Manulife joins hands with St. James’ Settlement to help improve children’s financial literacy
In view of the lack of knowledge about savings and misconceptions on financial concepts among Hong Kong’s younger generation, Manulife Hong Kong has launched a “FinKids Academy” program to help improve under-resourced students’ financial literacy, technology know-how and skills to prepare them for the hybrid financial world of the future.
As a part of Manulife’s “Go Paperless” Education Aid Program which is organised in partnership with St. James’ Settlement (SJS), the FinKids Academy program will benefit more than 600 underprivileged pupils from 24 primary schools from September 2022 to October 2023, after a pilot run between March and May this year.
The program offers hands-on learning for children to explore knowledge on topics like FinTech, digital currencies, budgeting, the metaverse, while teaching them to use various digital tools, such as basic coding, and virtual reality to simulate daily life situations with design thinking and mind-mapping tools.
In addition to the in-depth workshops totalling over 10,000 learning hours, there will be inter-school sharing sessions and immersive STEM field trips to provide the students with more engaging learning experience.
Calvin Chiu, Manulife’s Head of Asia Retirement, emphasises the company’s commitment to promoting children’s understanding of financial concepts with use of emerging technologies, helping them to make better financial decisions in the future. “Driving inclusive economic opportunities is a key part of Manulife’s Impact Agenda to create a more even playing field for all,” he adds. “We strive to bring long-term positive impact to the community by leveraging our expertise and network to raise the standard of financial literacy.”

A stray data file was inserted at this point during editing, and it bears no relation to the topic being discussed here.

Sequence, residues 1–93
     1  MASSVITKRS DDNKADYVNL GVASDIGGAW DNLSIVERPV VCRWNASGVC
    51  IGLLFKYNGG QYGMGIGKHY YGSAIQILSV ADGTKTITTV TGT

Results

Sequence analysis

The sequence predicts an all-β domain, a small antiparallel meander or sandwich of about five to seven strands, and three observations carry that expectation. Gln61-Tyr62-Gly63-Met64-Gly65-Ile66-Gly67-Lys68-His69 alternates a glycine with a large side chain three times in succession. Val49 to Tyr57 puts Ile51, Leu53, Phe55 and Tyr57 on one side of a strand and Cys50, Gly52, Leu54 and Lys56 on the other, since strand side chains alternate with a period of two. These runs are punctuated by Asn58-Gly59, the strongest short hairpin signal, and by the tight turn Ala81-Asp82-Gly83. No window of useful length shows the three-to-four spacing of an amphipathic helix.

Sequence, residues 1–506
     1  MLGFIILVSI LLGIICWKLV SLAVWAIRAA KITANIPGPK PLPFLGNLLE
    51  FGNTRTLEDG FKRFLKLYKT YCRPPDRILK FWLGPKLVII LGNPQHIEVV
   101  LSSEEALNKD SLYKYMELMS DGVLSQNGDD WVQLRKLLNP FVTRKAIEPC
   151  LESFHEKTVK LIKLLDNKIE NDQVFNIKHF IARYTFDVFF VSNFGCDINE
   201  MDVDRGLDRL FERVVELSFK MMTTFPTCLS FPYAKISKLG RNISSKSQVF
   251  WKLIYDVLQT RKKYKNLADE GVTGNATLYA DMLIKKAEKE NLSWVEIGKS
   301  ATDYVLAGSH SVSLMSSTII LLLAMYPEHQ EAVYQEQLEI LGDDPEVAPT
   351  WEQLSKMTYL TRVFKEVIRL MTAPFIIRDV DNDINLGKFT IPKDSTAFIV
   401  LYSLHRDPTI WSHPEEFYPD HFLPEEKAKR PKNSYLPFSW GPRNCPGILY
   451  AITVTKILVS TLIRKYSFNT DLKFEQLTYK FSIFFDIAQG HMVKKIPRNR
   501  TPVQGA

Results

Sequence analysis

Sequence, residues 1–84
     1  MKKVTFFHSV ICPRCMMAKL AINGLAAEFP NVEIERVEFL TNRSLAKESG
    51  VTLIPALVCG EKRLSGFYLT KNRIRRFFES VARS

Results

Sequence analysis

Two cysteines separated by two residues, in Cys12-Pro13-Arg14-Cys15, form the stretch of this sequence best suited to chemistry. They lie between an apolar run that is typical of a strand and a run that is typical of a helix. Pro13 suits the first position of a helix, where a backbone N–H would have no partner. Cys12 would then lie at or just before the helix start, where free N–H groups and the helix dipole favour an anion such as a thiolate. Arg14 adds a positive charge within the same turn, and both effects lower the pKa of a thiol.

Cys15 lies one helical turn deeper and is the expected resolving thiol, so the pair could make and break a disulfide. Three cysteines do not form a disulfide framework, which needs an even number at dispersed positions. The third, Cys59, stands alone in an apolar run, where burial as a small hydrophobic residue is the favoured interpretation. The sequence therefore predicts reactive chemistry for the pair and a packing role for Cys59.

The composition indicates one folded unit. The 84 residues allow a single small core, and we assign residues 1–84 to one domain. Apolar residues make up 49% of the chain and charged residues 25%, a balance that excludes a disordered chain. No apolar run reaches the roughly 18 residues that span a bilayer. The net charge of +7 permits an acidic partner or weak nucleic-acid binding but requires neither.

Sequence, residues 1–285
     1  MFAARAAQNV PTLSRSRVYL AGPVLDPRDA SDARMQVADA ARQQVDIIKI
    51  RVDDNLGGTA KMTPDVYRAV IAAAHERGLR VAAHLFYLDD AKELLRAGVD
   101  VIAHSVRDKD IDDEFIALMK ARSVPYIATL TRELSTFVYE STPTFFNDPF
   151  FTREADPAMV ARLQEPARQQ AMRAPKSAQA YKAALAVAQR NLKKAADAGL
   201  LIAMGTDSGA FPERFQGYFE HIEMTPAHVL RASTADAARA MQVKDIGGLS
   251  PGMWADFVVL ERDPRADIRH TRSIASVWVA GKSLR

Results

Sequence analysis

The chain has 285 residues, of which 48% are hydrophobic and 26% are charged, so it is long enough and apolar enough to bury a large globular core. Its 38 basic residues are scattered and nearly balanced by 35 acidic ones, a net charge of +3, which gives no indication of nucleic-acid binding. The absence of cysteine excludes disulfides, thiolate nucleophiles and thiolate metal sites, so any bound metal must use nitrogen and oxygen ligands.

Zhow Wong Ying, student at C.C.C. Chuen Yuen First Primary School who joined the pilot run, says: “I looked forward to the lessons because they were very inspiring and I had a lot of fun, especially the virtual reality activities. I learned how to save money, and have started to save with my pocket money.”
The results of a survey on 325 primary school students in June show that they are not having a clear concept about savings, says Josephine Lee, Chief Executive Officer at SJS, as more than half (57%) of the students are not sure how much they spend on average in a month. Close to a third (29%) do not know how to save money, and 23% even think their money will never run out.
Besides, the surveyed students seemed to be unfamiliar with digital wallets such as the Octopus cards, in spite of the extensive use of digital currencies nowadays. 62% of them are not sure about the balance of their digital wallets, and a third (33%) do not even know the source of the money stored in their digital wallets.
Chiu points out that, since 2020, Manulife has donated 400 iPads to 13 primary schools to support underprivileged pupils for remote learning. The program has now evolved from hardware donation to innovative workshops that equip children with essential knowledge and skills from a young age.